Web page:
Howard Elman University of Maryland

• Vicki Howles • John Shadid • David Kay • David Silvester • Daniel Loghin • Ray Tuminaro • Alison Ramage • Andy Wathen 2

Incompressible Navier-Stokes Equations α − ν ∇ + ⋅ + = 2 ( grad ) grad u u u u p f t − = div 0 u α =0 ! steady state problem α =1 ! evolutionary problem Discretization and linearization Matrix equation x=b T u f F B = − 0 p B C Goal: Robust general solution algorithms Easy to implement Derived from subsidiary building blocks Adaptible to a variety of scenarios (steady / evolutionary / Stokes / Boussinesq ) 3

Outline 1. General approach preconditioning for saddle point problems 2. Relation to traditional approaches projection methods SIMPLE 3. Details for Navier - Stokes equations 4. Analytic / experimental results 5. Potential for more general problems 4

Preliminary: Steady Stokes Equations − ∇ + = 2 grad Rusten & Winther, 1992 u p f − = div 0 Silvester & Wathen , 1993 u Algebraic equation: A = discrete vector T u f A B = , 0 Laplacian − B C p Symmetric indefinite ! MINRES algorithm is applicable 0 Preconditioning operator: A 0 Q S 0 T Generalized eigenvalue problem: A B u A u = λ − 0 p Q p B C S Au+ B T p = λ Au , λ ≠ 1 ) u= 1/( λ - 1) A -1 B T p Case C=0: Bu = λ Q S p BA -1 B T p= λ ( λ - 1) Q S p

BA -1 B T p= µ Q S p, µ = λ ( λ - 1) Verf ü rth , 1984: For Q S = pressure mass matrix, µ 2 [a s ,b s ] independent of discretization parameter h µ λ =1 § (1+4 µ ) 1/2 , Under mapping λ ½ [ ] [ ] 0 d -a -b c / 2 k − 1 ( ) /( ) bc ad ≤ Convergence bound for MINRES : || || 2 || || r r 0 k + 1 ( ) /( ) bc ad − 1 0 Computational requirements, for times a vector A 0 Q S Poisson solve: can be approximated, e.g. with multigrid Mass matrix solve: cheap 6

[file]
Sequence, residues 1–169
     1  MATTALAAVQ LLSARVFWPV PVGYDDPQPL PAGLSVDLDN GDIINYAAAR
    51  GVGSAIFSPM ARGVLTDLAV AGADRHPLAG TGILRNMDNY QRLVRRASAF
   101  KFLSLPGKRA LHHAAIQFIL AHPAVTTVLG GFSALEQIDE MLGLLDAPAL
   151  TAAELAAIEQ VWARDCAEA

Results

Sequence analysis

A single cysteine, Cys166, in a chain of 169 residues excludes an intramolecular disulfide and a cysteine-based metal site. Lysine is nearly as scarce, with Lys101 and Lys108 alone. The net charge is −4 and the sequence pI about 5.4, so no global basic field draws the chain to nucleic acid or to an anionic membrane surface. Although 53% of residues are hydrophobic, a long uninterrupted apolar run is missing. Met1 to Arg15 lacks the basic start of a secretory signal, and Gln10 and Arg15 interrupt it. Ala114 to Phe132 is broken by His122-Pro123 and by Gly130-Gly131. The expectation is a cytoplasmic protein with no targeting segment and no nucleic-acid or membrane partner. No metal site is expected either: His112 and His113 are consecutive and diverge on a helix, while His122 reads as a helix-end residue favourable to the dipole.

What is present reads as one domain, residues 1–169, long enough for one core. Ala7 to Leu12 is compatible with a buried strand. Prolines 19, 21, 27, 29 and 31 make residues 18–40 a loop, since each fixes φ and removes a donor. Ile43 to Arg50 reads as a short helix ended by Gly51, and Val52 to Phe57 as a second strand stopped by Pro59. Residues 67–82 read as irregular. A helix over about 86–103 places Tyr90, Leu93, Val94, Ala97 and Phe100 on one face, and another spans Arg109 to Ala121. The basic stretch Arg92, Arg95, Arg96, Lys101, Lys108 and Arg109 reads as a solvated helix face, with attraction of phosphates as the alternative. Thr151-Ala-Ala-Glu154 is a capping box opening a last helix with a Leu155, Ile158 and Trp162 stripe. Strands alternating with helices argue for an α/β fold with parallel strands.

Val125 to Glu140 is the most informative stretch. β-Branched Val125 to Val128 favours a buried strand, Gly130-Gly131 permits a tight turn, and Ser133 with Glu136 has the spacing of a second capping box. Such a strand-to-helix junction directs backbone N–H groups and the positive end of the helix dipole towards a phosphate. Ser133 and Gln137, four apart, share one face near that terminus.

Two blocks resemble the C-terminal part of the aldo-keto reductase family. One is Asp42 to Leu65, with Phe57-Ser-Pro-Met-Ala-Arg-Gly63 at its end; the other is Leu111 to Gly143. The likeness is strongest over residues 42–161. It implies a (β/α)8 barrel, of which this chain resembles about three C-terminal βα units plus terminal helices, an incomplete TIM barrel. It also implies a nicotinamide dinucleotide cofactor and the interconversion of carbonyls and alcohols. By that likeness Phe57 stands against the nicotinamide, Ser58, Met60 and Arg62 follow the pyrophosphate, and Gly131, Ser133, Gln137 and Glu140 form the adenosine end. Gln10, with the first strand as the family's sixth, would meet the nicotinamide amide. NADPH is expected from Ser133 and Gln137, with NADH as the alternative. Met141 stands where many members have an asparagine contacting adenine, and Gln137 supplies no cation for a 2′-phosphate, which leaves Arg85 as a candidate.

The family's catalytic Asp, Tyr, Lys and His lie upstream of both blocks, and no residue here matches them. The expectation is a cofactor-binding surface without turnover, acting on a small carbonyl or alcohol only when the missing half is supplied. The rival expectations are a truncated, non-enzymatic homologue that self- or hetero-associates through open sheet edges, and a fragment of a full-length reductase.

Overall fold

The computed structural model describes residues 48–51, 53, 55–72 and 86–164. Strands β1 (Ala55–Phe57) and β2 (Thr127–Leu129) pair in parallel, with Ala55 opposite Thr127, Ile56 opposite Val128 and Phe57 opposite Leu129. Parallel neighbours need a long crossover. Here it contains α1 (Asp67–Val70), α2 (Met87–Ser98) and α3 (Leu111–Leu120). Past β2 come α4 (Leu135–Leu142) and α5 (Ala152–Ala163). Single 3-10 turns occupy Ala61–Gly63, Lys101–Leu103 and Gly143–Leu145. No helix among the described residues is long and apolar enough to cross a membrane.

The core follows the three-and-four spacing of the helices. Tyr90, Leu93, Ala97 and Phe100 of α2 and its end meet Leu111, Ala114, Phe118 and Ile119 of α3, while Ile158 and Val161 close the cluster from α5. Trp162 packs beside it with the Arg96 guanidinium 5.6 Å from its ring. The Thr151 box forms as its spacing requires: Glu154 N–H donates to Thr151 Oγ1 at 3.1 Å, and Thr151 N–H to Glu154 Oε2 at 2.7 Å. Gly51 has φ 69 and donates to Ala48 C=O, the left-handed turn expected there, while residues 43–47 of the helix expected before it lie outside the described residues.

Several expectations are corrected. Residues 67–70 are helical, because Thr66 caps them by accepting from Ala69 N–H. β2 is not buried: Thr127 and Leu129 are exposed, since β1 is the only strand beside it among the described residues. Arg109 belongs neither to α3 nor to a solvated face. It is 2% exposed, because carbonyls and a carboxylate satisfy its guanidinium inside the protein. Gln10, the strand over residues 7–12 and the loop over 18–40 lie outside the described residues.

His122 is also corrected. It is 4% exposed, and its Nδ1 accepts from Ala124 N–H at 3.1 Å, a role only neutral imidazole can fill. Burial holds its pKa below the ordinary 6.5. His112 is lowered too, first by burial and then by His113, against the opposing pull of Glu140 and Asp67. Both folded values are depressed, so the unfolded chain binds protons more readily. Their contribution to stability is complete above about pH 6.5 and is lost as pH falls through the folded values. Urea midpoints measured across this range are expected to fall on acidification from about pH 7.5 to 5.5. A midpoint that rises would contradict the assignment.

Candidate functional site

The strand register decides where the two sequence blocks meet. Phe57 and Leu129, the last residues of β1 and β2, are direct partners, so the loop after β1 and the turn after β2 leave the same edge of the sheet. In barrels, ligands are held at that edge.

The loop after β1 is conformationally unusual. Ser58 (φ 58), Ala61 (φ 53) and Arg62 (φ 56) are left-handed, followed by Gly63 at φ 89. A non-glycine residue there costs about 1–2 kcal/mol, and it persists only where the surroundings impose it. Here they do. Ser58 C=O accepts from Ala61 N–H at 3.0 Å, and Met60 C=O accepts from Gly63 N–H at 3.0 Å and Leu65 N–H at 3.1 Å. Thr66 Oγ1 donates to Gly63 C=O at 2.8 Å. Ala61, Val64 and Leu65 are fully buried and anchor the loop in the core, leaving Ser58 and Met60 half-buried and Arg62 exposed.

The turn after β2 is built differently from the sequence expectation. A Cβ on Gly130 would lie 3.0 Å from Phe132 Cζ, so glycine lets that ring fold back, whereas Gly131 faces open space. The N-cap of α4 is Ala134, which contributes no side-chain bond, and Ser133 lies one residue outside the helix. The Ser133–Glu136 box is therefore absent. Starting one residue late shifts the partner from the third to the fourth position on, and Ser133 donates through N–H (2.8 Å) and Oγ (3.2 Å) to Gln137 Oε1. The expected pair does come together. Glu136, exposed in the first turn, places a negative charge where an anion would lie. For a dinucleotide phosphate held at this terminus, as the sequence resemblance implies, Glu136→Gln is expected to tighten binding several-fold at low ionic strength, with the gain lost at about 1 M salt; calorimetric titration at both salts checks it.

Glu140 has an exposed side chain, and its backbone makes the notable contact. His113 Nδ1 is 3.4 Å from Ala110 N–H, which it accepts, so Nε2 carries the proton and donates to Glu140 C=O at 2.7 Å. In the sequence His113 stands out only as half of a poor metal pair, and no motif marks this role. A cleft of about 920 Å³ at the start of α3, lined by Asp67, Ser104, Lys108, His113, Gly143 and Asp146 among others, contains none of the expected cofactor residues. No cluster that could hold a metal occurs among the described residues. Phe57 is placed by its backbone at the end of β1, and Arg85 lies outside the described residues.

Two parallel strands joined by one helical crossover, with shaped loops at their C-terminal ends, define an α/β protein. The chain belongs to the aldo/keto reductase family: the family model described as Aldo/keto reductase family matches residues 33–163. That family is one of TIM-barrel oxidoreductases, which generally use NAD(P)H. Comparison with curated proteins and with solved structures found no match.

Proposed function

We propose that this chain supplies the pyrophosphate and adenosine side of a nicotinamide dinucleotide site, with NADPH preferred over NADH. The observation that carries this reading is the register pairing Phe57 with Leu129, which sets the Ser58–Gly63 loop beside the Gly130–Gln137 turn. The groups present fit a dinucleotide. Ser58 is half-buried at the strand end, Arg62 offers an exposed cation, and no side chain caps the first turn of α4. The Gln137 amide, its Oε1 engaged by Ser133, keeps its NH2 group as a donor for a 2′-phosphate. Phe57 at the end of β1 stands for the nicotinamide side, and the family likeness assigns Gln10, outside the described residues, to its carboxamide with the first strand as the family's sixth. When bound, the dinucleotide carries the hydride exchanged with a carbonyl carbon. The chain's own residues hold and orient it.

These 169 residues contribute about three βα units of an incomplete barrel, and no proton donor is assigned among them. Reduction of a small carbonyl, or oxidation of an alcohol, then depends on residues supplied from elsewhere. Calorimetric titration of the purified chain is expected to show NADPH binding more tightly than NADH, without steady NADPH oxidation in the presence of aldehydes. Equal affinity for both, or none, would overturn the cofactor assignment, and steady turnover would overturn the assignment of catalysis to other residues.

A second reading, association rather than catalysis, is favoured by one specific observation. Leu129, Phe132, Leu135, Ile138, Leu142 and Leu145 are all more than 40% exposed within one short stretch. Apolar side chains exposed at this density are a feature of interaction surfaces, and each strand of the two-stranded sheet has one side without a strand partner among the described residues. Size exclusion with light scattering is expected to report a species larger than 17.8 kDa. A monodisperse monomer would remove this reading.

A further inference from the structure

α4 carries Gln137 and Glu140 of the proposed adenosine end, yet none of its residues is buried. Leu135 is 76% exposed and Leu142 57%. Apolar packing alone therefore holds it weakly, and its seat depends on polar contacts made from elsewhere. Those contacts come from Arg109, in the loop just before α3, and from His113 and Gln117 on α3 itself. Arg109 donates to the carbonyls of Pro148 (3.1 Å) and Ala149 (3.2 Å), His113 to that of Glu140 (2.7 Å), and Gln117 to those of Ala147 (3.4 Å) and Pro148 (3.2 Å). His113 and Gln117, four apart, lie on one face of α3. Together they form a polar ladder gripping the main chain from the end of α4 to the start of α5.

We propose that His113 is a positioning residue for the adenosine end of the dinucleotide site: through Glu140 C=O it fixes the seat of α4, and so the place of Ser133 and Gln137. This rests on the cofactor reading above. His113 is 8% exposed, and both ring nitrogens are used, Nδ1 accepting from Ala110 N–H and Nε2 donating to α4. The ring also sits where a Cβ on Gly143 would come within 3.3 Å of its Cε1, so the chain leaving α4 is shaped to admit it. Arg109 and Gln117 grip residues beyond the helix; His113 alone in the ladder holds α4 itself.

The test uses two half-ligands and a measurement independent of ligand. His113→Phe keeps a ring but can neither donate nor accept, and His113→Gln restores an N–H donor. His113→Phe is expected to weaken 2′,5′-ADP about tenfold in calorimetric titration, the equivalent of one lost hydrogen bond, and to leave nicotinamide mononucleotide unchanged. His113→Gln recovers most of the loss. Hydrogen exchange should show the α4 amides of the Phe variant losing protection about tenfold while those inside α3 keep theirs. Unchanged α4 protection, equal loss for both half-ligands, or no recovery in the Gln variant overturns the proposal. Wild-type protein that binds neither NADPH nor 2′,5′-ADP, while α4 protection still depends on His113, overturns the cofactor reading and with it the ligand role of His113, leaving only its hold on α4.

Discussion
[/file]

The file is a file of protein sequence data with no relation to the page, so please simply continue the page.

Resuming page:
Generalize to Navier-Stokes Equations Linearization via Picard iteration (slightly inaccurate notation) : − ν ∇ + ⋅ + = α + + + + ( 1 ) 2 ( 1 ) ( ) ( 1 ) ( 1 ) ( ) m m ( m grad ) m grad m m u u u u p f ∆ t − = + ( 1 ) div m 0 u T u f F B = Discretization 0 0 p B 0 Analogue of Stokes strategy: preconditioner F 0 Q S BF -1 B T p= µ Q S p , µ = λ ( λ - 1) Same analysis ! ) seek approximation Q S to Schur complement N.B. Same question arises for other strategies for linearization 7

Suppose Q S ¼ BF -1 B T so that eigenvalues of BF -1 B T p = µ Q S p are tightly clustered. Under mapping µ λ =1 § (1+4 µ ) 1/2 , eigenvalues λ are clustered in two regions, one on each side of imaginary axis Can improve this: Observation: symmetry is important for Stokes solver MINRES: optimal with fixed cost per step ) need block diagonal preconditioner For Navier - Stokes: don’t have symmetry need Krylov subspace method for nonsymmetric matrices (e.g. GMRES) 8

Alternative: block triangular preconditioner T F B − 0 Q S ! Generalized eigenvalue problem T T u F B u F B = µ − 0 0 B p Q p S Fu+ B T p = µ Fu , µ ≠ 1 ) u= -F -1 B T p Bu = - µ Q S p BF -1 B T p= µ Q S p µ ½ {1} [ Theorem (Fischer, Ramage, Silvester, Wathen ): For preconditioned GMRES iteration, let p 0 be arbitrary and u 0 = F -1 (f -B T u 0 ) ( ) r 0 =(0,w 0 )) (u k ,p k ) T be generated with block triangular preconditioner , (u k ,p k ) D be generated with block diagonal preconditioner . Then (u 2k ,p 2k ) D = (u 2k+1 ,p 2k+1 ) D = ( u k ,p k ) T . 9